- Identify at least three risks that auditors need to consider for companies that process web-based sales transactions, including credit card payments.
- For each risk identified, develop a mitigation risk strategy. Provide specific examples.
- identify specific controls and tests of controls related to IT governance, including:
- Organizing the IT function.
- Controlling computer center operations.
- Designing an adequate disaster recovery plan.
I would say that Occurrence, Completeness, and Posting are the most important assertions for auditors to verify when examining web-based transactions. I have previously run webstores, and in my experience the transactions are usually easy to identify and test for because they go through several stages of third-party verification before they appear as sales in the web site history.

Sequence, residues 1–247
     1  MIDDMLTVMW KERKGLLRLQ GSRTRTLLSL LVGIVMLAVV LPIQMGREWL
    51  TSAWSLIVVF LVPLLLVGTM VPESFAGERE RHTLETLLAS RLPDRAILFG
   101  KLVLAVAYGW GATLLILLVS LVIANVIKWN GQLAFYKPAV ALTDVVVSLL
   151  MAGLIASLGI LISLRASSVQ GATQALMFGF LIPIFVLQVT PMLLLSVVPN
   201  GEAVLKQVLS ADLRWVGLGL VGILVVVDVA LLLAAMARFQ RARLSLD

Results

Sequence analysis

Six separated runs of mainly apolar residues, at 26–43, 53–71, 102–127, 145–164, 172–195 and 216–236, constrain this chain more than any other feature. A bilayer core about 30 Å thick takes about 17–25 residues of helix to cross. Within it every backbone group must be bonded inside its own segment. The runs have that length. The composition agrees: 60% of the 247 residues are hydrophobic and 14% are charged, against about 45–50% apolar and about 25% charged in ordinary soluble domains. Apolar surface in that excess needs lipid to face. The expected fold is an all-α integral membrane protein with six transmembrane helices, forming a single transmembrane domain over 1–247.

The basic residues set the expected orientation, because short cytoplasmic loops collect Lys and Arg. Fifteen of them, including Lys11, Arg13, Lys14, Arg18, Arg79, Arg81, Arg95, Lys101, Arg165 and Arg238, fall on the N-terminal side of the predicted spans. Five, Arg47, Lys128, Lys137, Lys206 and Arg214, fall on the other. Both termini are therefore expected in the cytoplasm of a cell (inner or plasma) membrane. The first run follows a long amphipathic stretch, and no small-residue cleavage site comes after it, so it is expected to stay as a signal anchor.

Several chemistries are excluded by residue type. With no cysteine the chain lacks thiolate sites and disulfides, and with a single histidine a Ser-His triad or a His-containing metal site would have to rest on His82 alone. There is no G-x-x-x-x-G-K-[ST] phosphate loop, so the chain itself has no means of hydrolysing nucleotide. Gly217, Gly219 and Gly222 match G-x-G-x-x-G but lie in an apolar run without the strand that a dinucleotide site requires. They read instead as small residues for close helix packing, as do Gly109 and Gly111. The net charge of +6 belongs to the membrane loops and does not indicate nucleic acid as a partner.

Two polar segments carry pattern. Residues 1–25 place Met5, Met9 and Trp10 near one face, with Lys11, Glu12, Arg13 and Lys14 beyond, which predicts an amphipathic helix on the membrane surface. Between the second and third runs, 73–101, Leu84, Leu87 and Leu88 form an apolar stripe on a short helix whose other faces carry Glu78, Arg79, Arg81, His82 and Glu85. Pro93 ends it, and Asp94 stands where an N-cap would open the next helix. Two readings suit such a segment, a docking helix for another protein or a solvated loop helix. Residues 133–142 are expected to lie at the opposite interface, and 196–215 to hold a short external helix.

Companies usually require third parties involved in the maintenance and design of their web platform, as well as third-party payment processers such as a merchant processors or PayPal, or both, which are involved in each transaction. The web store and the payment processers each produce their own statements of sales and payments which can be referenced with bank statements to verify that sales and payments have occurred and are accounted for. Web sales also produce shipping and customer information that can be used to verify occurrence.
Completeness is often a difficult assertion to verify, but these same characteristics of web transactions make it difficult to hide sales from the system. The automated nature of web stores make it nearly impossible to “hide” web sales because the shipping, customer, payment, and inventory systems would all have to be circumvented to avoid records of the sales occurring.